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What We’re Reading: The Problem with Preprints, Publishing’s Missing Money, and State-sponsored Misinformation Labels

Image: Shutterstock

This week’s Friday 5, where we round up our favorite reads from around the online world in English, delves into the perils of reporting on preprint research platforms, a snapshot of end-to-end digital advertising and publishing supply chains, and how the French government took down a “fake news” page after being accused of “overstepping its constitutional role and infringing on press freedoms.”

Covering Science at Dangerous Speeds (CJR)

As the pandemic spread, newsrooms around the world shifted focus. Now a huge bulk of our work — along with our lives — has two periods: before the coronavirus (BC) and after the coronavirus (AC). Medscape’s Ivan Oransky, a doctor-turned-journalist and co-founder of Retraction Watch, gives some excellent advice about science and health reporting during the pandemic, and particularly on the use of preprints, in which researchers submit their work for publication on sites like bioRxiv and medRxiv before the peer review stage. “Research findings are never vetted as carefully as many scientists, medical journals, and others would like us to think they are,” he notes. As we wrote in a recent Friday 5, Harvard epidemiologist Bill Hanage is even more cautious about journalists covering preprint research: “Don’t go near it if you are not a science journalist.”

Time for Change and Transparency in Programmatic Advertising (ISBA)

A study released this week by the Incorporated Society of British Advertisers (ISBA) provides an snapshot of end-to-end digital advertising and publishing supply chains. Researchers identified each element of the chain, the services delivered, and costs applied at each stage, using real market data. The upshot? Publishers receive just 51% of what advertisers spend on average, with 15% disappearing into an “unknown delta” — in other words, a black hole fueled by a “lack of organization and complexity.” They recommend urgent attention to standardization “across contractual and technology areas to facilitate data-sharing and drive transparency” and more research into where the disappearing 15% goes. It’s a crucial step in understanding more about media’s sustainability as countries like Australia take on Facebook and Google, attempting to force digital platforms that increasingly dominate news consumption into paying media companies.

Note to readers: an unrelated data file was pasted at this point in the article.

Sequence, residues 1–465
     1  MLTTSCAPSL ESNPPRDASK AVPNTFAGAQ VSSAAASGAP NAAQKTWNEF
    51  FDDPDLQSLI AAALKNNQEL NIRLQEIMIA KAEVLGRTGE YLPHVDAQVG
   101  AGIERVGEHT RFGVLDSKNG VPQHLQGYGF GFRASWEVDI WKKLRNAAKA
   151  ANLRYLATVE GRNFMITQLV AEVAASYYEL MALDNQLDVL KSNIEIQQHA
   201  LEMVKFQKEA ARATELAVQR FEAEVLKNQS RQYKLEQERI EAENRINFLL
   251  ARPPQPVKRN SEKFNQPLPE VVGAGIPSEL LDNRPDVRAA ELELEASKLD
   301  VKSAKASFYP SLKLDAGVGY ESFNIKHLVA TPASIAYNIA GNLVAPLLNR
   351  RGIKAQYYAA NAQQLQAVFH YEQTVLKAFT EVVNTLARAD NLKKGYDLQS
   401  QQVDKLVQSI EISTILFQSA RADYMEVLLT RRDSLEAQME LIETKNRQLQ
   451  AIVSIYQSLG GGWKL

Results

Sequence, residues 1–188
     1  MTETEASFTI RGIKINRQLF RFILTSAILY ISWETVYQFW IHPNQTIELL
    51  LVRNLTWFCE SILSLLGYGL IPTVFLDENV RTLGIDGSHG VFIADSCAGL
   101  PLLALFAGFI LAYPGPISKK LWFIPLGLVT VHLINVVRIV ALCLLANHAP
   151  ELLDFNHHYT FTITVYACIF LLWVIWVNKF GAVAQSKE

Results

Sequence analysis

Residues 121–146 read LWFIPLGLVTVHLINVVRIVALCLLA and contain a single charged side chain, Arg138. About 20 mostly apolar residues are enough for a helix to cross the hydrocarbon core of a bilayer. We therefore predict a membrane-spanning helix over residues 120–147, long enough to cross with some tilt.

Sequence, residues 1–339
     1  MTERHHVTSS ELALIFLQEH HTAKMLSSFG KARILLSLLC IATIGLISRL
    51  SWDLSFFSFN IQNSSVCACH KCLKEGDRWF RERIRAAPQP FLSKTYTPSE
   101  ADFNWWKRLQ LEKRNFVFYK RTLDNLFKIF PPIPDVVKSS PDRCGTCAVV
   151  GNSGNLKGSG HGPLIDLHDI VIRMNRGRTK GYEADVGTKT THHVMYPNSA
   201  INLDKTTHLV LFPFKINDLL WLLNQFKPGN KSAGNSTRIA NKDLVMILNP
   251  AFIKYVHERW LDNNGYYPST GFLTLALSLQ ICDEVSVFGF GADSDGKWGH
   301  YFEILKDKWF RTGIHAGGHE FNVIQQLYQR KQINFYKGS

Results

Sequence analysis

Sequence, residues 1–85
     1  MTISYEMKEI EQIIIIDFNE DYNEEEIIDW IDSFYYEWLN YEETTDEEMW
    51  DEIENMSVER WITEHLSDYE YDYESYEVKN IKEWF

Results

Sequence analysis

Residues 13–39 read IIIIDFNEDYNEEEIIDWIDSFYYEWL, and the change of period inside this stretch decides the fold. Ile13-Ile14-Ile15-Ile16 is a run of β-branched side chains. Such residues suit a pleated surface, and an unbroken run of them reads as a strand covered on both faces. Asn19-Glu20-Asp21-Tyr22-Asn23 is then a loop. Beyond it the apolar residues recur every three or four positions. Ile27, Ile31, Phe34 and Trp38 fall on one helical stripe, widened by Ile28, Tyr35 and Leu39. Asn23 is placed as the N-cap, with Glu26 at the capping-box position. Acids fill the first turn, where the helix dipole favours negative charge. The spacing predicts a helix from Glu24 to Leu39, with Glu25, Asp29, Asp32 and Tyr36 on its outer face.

French Government Takes Down Its Own Coronavirus “Fake News” Website (Guardian)

Amid the blink-and-you-miss-it dystopian news environment, the Guardian reported this week how the French government took down one of its own pages — a website it had put up only the week before to call out what it deemed “fake news.” A media union had filed an emergency appeal, saying that through Desinfox — which is a play on the word désintox or detox —  the government was “overstepping its constitutional role and infringing on press freedoms.” It appears to be another worrying sign of state-sanctioned media crackdowns under a misinformation and disinformation guise; this week a GIJN report on Indian government opacity around the virus noted how the national Press Information Bureau created “PIBFactCheck,” a Twitter handle which has flagged critical coverage of the pandemic as fake.

RQ1 Newsletter (RQ1)

RQ1, launched earlier this year, is a monthly newsletter which sums up key research on news and journalism. Washington and Lee University’s Mark Coddington and University of Oregon’s Seth Lewis put together RQ1 to help colleagues get a handle on the changing digital media environment, data journalism, social media, and news engagement and aggregation. You’ll find overviews of research which this month took a scholarly look at global, multi-newsroom watchdog reporting; the organizational challenges of data journalism teams in newsrooms; and the news industry’s “post-colonial” reflexivity, which looked at foreign correspondents covering Africa.

+1 Bonus Tip: NICAR-Learn (NICAR)

During the coronavirus pandemic, IRE and NICAR are offering up a 365-day free trial of NICAR-Learn — an on-demand video library designed for journalists to learn and share computer-assisted reporting techniques. Register to tap into 10-minute videos taught by some of the best data journalists the world, addressing specific skills, problems, and software.

Tanya Pampalone is GIJN’s managing editor. Prior to GIJN, she was executive editor of Mail & Guardian, managing editor of Maverick (now Daily Maverick), and head of strategic partnerships and audience development for the African arm of The Conversation. Tanya is co-editor of I Want To Go Home Forever, and a contributor to Southern African Muckraking and Unbias the News.

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